I think Henry Ford was on to something. Ford, as history has taught us, was the inventor of the Model T, the first mass produced automobile. Mass production, and the T's low price tag, wouldn't have been possible without Ford's use of the assembly line. The truth is, the assembly line predated Ford, but he was the first person to apply it to a massive production scale for automobiles. Traditionally, workers moved down a production line to complete a task. Ford, on the other hand, had the workers remain in place, and the parts move down the line.
This seemingly insignificant alteration yielded large increases in productivity. It allowed Ford Motor Company to make 15 million Model-T’s in the span of 14 years, also, at half the cost. With many more middle and lower income people being able to afford a car, the world got a whole lot bigger. Highway transportation systems were established, commerce flourished, and society was changed forever.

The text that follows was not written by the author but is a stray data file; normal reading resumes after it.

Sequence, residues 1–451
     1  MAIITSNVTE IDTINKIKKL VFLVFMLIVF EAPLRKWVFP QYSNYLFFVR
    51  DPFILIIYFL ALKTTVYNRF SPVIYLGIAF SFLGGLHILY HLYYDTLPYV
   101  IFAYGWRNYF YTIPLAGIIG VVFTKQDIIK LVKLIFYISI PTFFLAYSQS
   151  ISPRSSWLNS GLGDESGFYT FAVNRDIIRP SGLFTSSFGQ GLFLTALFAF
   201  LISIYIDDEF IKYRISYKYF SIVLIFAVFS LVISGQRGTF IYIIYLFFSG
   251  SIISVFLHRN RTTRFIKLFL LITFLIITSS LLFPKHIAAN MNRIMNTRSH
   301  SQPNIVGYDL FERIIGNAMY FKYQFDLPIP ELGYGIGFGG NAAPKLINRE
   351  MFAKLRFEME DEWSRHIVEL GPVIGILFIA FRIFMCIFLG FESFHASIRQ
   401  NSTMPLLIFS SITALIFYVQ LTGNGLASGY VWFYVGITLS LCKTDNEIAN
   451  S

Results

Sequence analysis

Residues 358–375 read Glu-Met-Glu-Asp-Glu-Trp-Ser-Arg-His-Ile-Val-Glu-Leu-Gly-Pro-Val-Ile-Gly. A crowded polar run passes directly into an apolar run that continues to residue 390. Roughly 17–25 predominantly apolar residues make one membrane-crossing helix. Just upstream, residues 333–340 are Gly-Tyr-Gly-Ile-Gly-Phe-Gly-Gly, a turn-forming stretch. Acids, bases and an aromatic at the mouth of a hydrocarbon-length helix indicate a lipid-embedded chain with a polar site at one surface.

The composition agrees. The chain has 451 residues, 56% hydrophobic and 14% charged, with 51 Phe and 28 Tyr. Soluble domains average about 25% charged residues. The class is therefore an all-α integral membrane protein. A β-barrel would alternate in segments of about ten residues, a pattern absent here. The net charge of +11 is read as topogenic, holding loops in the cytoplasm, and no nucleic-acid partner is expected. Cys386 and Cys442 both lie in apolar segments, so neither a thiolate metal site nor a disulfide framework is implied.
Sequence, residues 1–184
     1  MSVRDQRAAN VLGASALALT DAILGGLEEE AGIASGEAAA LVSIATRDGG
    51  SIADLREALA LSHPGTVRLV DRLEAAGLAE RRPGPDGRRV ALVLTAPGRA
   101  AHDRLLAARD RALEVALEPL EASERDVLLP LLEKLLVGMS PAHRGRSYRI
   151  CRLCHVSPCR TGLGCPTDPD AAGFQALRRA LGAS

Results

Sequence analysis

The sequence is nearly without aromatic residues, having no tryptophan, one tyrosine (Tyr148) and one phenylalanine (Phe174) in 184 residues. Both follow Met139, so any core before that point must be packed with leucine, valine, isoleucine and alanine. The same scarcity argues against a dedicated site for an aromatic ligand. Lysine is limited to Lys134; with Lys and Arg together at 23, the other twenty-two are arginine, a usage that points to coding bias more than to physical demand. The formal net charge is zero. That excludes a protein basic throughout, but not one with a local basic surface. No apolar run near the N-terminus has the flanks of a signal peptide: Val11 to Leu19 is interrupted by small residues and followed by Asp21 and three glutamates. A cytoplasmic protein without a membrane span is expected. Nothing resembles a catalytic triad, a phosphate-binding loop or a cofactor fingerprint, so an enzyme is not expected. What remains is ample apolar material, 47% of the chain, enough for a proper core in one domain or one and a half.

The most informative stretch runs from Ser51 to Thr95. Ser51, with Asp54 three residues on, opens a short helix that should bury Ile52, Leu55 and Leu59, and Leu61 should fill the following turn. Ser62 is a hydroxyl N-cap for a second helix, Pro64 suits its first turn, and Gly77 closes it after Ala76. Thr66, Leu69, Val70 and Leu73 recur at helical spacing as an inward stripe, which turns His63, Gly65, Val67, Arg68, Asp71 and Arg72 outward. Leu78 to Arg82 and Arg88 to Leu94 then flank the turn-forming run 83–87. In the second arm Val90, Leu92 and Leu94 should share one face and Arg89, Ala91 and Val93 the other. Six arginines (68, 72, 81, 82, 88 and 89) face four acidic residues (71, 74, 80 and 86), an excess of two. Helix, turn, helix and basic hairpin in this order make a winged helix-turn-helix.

History lesson aside, I've thought a lot about assembly lines lately, as it relates to how I complete various tasks in my home and office. I first noticed in a passive way that when I did tasks in an assembly line manner that I was able to accomplish them with more accuracy and speed. Saving time and yielding a better result? What is not to like about that? The only downside to assembly line style task work is tedium. When a large project requires repeat actions in a stage of work, things can get boring! The temptation is to want to switch gears and do something else, or skip ahead. Do anything to break up the monotony.